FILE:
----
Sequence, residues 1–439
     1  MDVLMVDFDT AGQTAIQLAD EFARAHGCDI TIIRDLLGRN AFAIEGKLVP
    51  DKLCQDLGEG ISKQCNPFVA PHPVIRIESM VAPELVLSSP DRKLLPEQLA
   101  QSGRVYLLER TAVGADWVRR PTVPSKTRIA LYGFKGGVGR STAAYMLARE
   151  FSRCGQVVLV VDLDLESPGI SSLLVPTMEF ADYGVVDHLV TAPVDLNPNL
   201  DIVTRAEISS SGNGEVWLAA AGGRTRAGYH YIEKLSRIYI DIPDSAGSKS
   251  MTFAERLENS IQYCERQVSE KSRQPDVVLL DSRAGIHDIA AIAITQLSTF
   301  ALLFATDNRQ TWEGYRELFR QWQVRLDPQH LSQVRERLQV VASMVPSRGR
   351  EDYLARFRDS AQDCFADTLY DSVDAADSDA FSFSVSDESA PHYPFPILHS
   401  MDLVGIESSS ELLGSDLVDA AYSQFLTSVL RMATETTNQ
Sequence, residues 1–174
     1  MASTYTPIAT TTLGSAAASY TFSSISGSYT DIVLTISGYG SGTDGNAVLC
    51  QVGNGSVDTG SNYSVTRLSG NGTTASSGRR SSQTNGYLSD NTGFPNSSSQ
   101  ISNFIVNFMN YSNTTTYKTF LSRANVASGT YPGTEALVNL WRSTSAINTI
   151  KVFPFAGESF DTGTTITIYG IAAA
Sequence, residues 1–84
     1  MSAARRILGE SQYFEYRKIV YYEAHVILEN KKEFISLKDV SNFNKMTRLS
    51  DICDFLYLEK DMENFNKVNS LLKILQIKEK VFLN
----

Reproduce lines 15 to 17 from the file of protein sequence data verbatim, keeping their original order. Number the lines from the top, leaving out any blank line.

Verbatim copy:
   151  KVFPFAGESF DTGTTITIYG IAAA
Sequence, residues 1–84
     1  MSAARRILGE SQYFEYRKIV YYEAHVILEN KKEFISLKDV SNFNKMTRLS